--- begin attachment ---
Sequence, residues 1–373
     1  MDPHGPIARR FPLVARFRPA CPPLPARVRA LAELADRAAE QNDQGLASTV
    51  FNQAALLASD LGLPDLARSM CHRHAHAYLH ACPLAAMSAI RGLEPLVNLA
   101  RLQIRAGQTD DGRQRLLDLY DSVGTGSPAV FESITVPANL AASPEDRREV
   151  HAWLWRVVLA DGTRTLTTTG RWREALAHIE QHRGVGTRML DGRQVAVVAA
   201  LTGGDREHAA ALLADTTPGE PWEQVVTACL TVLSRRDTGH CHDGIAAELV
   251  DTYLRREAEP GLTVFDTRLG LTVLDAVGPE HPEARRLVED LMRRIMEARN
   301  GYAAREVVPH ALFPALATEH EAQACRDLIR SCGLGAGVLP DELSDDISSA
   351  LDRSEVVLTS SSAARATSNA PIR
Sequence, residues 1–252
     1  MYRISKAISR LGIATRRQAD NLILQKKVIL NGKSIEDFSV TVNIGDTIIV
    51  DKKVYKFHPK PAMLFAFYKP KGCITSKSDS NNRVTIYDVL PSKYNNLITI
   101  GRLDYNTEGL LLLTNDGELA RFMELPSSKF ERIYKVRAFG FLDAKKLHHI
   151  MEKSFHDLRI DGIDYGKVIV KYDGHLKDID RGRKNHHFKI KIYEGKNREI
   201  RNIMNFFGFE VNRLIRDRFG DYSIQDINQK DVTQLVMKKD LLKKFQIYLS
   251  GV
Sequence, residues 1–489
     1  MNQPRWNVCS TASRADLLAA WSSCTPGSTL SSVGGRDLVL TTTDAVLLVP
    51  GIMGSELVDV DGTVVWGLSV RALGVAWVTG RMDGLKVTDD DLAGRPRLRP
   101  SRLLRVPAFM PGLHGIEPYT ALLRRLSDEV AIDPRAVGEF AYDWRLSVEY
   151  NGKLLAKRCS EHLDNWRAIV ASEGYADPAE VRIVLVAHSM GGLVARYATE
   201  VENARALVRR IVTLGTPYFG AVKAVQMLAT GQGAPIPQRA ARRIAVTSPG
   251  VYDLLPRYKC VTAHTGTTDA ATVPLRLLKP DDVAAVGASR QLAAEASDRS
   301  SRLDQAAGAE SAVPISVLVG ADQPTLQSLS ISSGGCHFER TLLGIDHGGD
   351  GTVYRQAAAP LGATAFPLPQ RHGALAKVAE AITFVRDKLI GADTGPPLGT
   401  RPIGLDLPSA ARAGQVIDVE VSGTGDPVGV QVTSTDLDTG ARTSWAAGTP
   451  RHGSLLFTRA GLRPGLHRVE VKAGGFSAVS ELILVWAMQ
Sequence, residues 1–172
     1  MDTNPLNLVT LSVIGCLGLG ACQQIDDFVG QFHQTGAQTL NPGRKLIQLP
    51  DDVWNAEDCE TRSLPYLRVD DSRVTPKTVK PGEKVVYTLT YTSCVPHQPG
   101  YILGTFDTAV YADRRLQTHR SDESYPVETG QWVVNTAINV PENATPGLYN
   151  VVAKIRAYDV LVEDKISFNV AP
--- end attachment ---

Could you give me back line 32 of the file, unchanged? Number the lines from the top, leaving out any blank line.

   151  VVAKIRAYDV LVEDKISFNV AP